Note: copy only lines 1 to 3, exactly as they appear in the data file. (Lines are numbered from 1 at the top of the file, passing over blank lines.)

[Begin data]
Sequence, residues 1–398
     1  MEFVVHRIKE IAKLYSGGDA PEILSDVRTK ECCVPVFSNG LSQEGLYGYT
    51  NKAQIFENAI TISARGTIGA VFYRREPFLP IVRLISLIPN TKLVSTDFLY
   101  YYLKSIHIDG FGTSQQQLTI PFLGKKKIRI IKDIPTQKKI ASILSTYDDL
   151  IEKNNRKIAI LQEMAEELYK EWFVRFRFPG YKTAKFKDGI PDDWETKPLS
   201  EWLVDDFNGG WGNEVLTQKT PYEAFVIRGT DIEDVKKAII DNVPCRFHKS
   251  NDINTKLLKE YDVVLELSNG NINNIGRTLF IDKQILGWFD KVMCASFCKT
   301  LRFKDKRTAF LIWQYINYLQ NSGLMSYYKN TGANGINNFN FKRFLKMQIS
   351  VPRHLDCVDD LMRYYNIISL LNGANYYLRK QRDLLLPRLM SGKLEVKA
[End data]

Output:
Sequence, residues 1–398
     1  MEFVVHRIKE IAKLYSGGDA PEILSDVRTK ECCVPVFSNG LSQEGLYGYT
    51  NKAQIFENAI TISARGTIGA VFYRREPFLP IVRLISLIPN TKLVSTDFLY